Business & Finance
The proposed $25.2 billion merger of Hewlett-Packard and computer industry rival Compaq was dealt a potentially fatal setback when the foundation of H-P cofounder David Packard announced late Friday that it would vote against the deal. The Packard Foundation is the company's largest stockholder, and its decision, coupled with the opposition of Walter Hewlett, son of the other cofounder, William Hewlett, gives the antimerger forces an 18 percent share of the vote. That means, analysts said, that H-P chief Carly Fiorina would have to win the support of at least 62 percent of the company's remaining shareholders - assuming they all wish to vote - for an absolute majority in favor of the deal. An H-P/Compaq merger would result in the world's largest personal-computer company. But, without elaboration, the foundation said its best interests "would be better served by Hewlett-Packard not proceeding with the proposed transaction." It was not clear whether H-P's executives would try to renegotiate the terms of the merger, which is expected to be voted on early next year. A company spokeswoman called the foundation's decision "disappointing." Compaq executives said only that they continue to support the merger.Skip to next paragraph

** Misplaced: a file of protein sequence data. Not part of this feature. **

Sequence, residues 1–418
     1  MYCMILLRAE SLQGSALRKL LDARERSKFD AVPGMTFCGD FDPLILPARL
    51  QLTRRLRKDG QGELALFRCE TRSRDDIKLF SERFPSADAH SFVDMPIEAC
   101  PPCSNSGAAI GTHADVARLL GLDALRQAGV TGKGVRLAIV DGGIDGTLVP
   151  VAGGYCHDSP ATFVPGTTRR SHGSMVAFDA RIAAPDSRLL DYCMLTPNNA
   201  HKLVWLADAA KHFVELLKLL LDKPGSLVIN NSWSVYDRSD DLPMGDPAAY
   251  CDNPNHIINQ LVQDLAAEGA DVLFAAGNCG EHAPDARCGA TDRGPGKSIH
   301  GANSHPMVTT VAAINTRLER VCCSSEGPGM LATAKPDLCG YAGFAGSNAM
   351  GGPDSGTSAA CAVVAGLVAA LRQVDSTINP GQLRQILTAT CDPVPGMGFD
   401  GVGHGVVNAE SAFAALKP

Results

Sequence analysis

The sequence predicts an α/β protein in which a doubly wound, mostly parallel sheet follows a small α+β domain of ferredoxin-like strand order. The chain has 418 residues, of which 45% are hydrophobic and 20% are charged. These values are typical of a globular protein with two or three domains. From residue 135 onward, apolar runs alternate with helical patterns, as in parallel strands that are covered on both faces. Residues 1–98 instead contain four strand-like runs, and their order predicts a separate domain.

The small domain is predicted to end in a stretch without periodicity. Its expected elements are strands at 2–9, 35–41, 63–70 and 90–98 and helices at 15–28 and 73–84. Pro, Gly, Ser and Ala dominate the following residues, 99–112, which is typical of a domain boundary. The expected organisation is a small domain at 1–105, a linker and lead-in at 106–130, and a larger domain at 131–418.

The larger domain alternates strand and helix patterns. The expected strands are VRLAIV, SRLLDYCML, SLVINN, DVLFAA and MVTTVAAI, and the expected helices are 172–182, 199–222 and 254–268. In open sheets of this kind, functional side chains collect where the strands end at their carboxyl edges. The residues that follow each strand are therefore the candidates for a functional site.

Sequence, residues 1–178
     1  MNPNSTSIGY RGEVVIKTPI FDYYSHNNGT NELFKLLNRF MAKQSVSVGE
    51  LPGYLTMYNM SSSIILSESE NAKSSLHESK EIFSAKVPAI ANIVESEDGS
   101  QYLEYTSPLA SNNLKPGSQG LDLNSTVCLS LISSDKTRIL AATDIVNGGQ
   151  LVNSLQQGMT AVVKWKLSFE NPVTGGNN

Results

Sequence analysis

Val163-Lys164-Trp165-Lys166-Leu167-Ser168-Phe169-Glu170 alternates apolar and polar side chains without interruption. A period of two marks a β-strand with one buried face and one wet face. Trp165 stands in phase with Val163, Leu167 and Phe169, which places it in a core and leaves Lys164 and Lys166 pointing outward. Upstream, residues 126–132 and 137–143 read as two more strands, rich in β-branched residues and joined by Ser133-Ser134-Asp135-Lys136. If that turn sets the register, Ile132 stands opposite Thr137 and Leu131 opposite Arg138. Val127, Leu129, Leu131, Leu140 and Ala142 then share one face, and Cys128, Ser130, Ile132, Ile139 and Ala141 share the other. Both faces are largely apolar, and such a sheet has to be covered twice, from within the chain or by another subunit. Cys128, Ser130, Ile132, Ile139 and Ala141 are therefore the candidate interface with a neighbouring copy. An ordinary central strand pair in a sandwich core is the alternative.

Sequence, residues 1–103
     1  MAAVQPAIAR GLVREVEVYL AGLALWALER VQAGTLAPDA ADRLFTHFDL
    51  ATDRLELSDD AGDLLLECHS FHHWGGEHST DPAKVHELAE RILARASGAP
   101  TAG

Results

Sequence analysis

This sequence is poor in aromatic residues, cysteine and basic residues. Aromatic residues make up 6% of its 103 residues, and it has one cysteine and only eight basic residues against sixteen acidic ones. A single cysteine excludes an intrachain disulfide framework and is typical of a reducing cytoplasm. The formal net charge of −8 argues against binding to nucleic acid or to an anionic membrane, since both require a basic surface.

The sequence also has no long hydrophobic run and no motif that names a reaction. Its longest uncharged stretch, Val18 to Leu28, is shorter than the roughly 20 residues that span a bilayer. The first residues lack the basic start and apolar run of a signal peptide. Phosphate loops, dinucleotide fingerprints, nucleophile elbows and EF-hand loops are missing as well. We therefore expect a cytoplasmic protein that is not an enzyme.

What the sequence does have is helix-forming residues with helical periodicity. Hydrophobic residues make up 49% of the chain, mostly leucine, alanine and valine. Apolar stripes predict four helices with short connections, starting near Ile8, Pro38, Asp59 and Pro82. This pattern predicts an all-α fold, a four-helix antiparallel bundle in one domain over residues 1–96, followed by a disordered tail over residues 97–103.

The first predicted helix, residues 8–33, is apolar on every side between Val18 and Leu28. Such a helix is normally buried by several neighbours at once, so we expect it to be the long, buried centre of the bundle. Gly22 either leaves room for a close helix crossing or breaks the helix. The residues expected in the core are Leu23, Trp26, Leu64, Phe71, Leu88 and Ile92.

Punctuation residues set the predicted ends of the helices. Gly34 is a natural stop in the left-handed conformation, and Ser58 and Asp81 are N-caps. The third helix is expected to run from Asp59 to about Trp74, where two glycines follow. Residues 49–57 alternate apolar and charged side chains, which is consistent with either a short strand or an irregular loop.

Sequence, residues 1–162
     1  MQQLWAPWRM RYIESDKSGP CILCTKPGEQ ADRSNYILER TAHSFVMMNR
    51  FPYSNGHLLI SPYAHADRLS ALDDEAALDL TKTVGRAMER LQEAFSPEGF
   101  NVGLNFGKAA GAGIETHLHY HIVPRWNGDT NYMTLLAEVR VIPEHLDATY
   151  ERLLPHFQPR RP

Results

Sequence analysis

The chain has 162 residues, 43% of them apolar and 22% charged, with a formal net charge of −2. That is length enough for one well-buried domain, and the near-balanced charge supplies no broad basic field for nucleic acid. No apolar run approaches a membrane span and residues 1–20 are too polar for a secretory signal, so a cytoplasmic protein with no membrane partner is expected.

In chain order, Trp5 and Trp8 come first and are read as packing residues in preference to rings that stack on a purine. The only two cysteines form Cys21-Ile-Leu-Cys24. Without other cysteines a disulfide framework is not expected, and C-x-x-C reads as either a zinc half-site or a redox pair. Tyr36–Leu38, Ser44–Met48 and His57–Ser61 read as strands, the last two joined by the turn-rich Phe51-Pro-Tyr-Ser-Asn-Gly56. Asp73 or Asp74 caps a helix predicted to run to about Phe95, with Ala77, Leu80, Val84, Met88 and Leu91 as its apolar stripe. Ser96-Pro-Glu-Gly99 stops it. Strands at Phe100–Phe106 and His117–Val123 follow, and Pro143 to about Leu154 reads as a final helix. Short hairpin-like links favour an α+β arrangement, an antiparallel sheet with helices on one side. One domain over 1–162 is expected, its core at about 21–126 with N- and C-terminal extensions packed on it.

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There was more worrisome news over the weekend for financially troubled Argentina, as anxious depositors made a run on personal bank accounts for the second weekend in a row despite the government's new $250-a-week limit on withdrawals. And Economy Minister Domingo Cavallo was to return home from two days of closed-door meetings at the International Monetary Fund in Washington, apparently having failed to pry loose a $1.26 billion installment that the IMF announced last week it would not release "at this stage." Meanwhile, planners were organizing a national protest for Wednesday against the government's controversial austerity plan, which seeks to help meet $132 billion in foreign obligations. Servicing the massive debt already takes almost half of Argentina's gross domestic product, prolonging a recession that now is in its fourth year.